What Does It Mean to File Bankruptcy?

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To file bankruptcy, the Debtor’s attorney will prepare documents which in most cases consist of several dozen pages.

A Petition contains general information such as your name and address, the chapter of the bankruptcy code under which the Petition is filed, statistical and administrative information, and a place for the Debtor’s signature indicating assent to file the Petition.

Along with the Petition the Debtor files a Statement of Affairs. As the name of the document suggests, you report financial information such as the income earned year to date.  You list income from various sources, such as business income, social security, child support etc. You are required to list payments made to creditors within various periods of time. The Statement of Affairs poses miscellaneous questions about your financial affairs such as whether you have had any losses for fire, theft or gambling; whether you have a safe deposit box; whether you have made any significant gifts recently or any charitable contributions; or whether you have been involved in any lawsuits; and you are asked to list property you may have transferred over certain periods of time. This is not a complete list.

The Debtor also files a set of Schedules with information about your property (assets), debts (liabilities), income and expenses. These Schedules deal with the following: a. Real Estate; b. Personal Property; c. What property may be “exempt” under the Bankruptcy Code [See Exemptions, below]; d. Secured Creditors; e. Creditors entitled to “Priority” status under the Bankruptcy Code — tax debts would be one example; f. Unsecured Creditors — typically most creditors will fall into this category; g. Executory Contracts & Leases. An executory contract is a contract which still has terms remaining to be performed (aside from the payment of money); h. Co-debtors; i. Income of debtor (and debtor’s spouse); and j. Current Monthly Expenditures of the debtor. There is a Summary of Schedules and a declaration by the debtor attests the information in the Schedules is correct.

A Statement of Current Monthly Income (Form B22A or B22C) is sometimes referred to as the ‘Means Test’. Paystubs and other documents are used to calculate your current monthly income. The test is somewhat artificial since it is based on only the six months prior to the month in which the bankruptcy is filed. Thus, the debtor may have some power to select the time frame by hurrying or delaying filing. Calculation of income is then used to check whether or not your income is above or below the median income in your state for a family of your size. If your income is above the statewide median you will have to complete calculations (the means test) related to your income and various obligations. In a Chapter 7 case, if you pass the means test you are very likely eligible to file a Chapter 7. In a Chapter 13 case, the test is used to fix the duration of the Plan (and indirectly the amount to be paid). [See What Will My Chapter 13 Payment Be?]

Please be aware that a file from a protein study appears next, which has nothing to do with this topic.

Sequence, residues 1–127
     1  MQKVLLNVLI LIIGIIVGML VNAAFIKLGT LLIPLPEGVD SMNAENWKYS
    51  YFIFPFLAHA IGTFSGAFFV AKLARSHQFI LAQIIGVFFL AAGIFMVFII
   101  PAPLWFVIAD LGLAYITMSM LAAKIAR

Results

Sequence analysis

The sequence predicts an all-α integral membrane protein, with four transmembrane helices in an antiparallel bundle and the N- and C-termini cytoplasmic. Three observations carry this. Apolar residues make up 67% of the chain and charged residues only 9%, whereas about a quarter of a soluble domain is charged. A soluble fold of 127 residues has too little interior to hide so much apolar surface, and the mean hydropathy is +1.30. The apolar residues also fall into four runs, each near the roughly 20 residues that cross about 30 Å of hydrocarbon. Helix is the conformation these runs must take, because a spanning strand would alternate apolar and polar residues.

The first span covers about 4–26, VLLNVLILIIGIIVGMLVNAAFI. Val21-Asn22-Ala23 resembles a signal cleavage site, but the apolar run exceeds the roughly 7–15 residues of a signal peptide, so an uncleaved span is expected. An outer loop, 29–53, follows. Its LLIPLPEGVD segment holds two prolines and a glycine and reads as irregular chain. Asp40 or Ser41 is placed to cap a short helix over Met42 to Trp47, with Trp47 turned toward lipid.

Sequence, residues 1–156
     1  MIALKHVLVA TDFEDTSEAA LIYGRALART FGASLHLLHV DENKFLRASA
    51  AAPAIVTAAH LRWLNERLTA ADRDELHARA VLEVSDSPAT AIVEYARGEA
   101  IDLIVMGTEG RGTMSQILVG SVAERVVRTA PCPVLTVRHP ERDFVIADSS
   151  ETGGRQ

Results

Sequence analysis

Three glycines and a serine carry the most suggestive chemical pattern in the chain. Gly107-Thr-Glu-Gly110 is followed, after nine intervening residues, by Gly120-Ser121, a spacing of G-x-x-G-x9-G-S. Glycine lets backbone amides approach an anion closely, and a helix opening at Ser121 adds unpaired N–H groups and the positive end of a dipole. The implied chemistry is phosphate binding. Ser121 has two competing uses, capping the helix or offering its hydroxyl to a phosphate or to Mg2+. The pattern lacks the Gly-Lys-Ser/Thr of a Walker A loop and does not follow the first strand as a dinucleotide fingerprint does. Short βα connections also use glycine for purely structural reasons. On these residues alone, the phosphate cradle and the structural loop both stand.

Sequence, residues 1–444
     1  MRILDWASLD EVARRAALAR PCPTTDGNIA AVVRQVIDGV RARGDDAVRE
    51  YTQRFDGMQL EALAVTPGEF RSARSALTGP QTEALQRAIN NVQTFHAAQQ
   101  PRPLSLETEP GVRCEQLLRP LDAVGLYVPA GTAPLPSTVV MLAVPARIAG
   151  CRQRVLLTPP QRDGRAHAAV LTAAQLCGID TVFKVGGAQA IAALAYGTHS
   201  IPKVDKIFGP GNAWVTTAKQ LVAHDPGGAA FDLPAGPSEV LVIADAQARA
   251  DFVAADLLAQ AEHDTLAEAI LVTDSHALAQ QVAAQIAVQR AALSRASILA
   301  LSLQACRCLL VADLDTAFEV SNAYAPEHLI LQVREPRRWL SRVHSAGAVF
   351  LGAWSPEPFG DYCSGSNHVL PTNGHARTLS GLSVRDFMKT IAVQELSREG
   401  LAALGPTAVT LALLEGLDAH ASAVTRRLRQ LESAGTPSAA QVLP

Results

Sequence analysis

Miscellaneous other documents will also be filed such as a statement about the compensation paid to your lawyer and a matrix with the names and addresses of all creditors. There will also be a declaration that the debtor has completed the counseling requirement. The debtor must complete the required credit counseling prior to filing. In a Chapter 7 case the debtor will file a Statement of Intention setting out the debtor’s plans to retain, redeem or surrender secured property and state whether any lease or executory contract will be assumed or rejected.

The debtor signs a Signature Declaration essentially signing on to all the documents. The attorney will electronically file the documents. In most cases the attorney also files the debtor’s pay advices (pay stubs or pay records) and pays the filing fee automatically as part of the filing.

As part of filing, the judge responsible for the case will be selected and the Trustee and United States Trustee will be notified.  Shortly after filing the Bankruptcy Court will schedule the 341 Meeting (First Meeting of Creditors) and mail out notices of the filing and meeting to you and the creditors.

As you can see, filing Bankruptcy is not simple. If a genuine ‘emergency’ requires an immediate filing, a Partial Filing can be made. Just the Petition, Signature Declaration, Notice of Responsibilities and Matrix of creditors who can be quickly identified are filed. Partial filings are discouraged by the Bankruptcy Court and bankruptcy attorneys. After a partial filing, the remaining documents must be filed within a short period of time. This deadline can be stressful for both the debtor and attorney. The rapid pace of filing makes it more likely mistakes may be made by both debtor and the debtor’s attorney.

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